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grammar thingie

Maybe when people say "I could care less about foo", instead of meaning "I couldn't care less about foo" they mean "I could care less about foo[, but it would be really hard.]"?


( 14 comments — Leave a comment )
Mar. 31st, 2006 03:33 pm (UTC)
sadly, no
they don't mean that, but I like the sentiment.

People just got lazy and stopped thinking about the meaning of the phrase.

Although, I actually have used "I could care less" to mean that; most of the time I just mis-speak when I say it.
Mar. 31st, 2006 03:49 pm (UTC)
It's an idiomatic phrase in which literal meaning is reversed. Being a phrase may make it unique, though I doubt it; the reversal, while not common, is hardly unheard of. I'm not a linguist, so I don't claim to understand what the underlying mechanism is. But I studied under the intellectual heirs of good old fashioned Indo-European philologists, so I know it happens: consider the English words black, blanche, blank, and bleach, and the French word blanc, meaning "white", all from the same root. Or the two meanings of the verb sanction.
Mar. 31st, 2006 03:53 pm (UTC)
Which is, by the way, not to say that I sanction "I could care less." It annoys the hell out of me, and I personally always say "I couldn't care less" if that is what I in fact wish to convey. But English is what its speakers make of it; "I could care less" has become idiomatic, and there's no point trying to sanction people for using it.
Mar. 31st, 2006 04:05 pm (UTC)
I've always said "couldn't care less" I'm not sure I've heard it without the negative.
Mar. 31st, 2006 04:39 pm (UTC)
That's what I mean
When I say "I could care less", I often follow it up with "but it would be hard" or "in theory" or something like that.

I would easily believe that there was a longer phrase that has been shortened, losing the original "but".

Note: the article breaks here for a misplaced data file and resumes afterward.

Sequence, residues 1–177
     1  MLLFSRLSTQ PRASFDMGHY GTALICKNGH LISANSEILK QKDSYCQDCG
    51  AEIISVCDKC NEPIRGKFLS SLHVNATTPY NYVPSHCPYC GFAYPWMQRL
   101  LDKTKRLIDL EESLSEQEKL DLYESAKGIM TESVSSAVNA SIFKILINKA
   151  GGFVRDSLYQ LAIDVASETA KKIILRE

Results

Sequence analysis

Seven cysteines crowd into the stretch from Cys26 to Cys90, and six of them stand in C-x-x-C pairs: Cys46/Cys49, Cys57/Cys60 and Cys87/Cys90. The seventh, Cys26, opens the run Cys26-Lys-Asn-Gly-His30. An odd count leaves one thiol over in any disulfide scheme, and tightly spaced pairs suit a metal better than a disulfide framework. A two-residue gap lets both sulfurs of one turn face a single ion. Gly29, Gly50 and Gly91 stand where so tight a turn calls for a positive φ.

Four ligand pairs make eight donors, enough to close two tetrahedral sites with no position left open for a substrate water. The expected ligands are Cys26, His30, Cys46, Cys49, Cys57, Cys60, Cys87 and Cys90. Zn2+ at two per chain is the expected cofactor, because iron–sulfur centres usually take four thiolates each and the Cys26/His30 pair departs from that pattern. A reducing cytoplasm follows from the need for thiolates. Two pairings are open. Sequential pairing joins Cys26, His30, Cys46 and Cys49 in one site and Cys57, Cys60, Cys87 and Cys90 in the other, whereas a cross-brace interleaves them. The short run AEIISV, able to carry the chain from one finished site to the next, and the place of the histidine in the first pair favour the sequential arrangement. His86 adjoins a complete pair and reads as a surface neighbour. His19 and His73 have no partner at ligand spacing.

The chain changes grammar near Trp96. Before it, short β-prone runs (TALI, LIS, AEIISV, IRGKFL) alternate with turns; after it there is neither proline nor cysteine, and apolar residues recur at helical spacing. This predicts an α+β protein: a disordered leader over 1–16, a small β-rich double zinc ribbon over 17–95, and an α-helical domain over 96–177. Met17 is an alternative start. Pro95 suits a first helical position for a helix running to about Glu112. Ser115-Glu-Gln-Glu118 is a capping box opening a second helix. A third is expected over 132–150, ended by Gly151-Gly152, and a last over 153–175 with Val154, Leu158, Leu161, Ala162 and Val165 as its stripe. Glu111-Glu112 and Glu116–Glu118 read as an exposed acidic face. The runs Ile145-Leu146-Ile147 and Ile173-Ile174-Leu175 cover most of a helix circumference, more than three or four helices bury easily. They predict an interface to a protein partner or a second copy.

Mar. 31st, 2006 04:46 pm (UTC)
I say it when I'm pointing something out that I don't care about but others might. For instance,

"If you're sending a wedding invitation and the invitee doesn't know anyone, you should invite them 'and guest'. I could care less, but most people think it's rude."
Mar. 31st, 2006 04:52 pm (UTC)
Or, "I could care less, but you shouldn't split infinitives." If you're talking about grammar.
Mar. 31st, 2006 05:07 pm (UTC)
Yes, I understand the common usage pattern.

The idiom just doesn't bear analysis without some kind of negating thingie.
Mar. 31st, 2006 05:02 pm (UTC)
Personally, my pedantic streak often has me replying to “I could care less” with “How much?” or similar.

As well, to “You can't have your cake and eat it, too”, I typically reply “Yes! You can! You just can't eat it and THEN have it.”

I wish people would think about what they're saying, even when spouting cliches.
Mar. 31st, 2006 05:06 pm (UTC)
Well, in that case, once you've eaten your cake, you don't have it anymore.
Mar. 31st, 2006 06:00 pm (UTC)
It's a sarcastic idiom. So you say "I could care less", but you mean "I couldn't care less".

Like flammable & inflammable it's its own opposite.

Speaking of which -- notice the two spellings above. This has become my new pet peeve everyone -- there is a word spelled "its" and it's ok to use it when it's the right thing in its own place, ok? If you can't expand it to "it is" don't add the apostrophe.

As far as "I could care less" I just stopped using it because it was too confusing.
Mar. 31st, 2006 06:09 pm (UTC)
Well, if you're going to be apathetic about foo, why not be apathetic about grammar too while you're at it?
Mar. 31st, 2006 07:36 pm (UTC)
Eventually, a few hundred years from now, "I could care less" will become so widespread that grammarians will consider it correct.

Or it will die out and become a historical curiosity.

Or perhaps at some point people will say, "Hey, English doesn't come from Latin, we don't have to enforce alien grammatical logic from a dead language!" But I'm not holding my breath.
Apr. 1st, 2006 12:59 am (UTC)
Maybe it means it would take effort to care less than I already do, and I'm too (a)pathetic to bother.

Or maybe not.
( 14 comments — Leave a comment )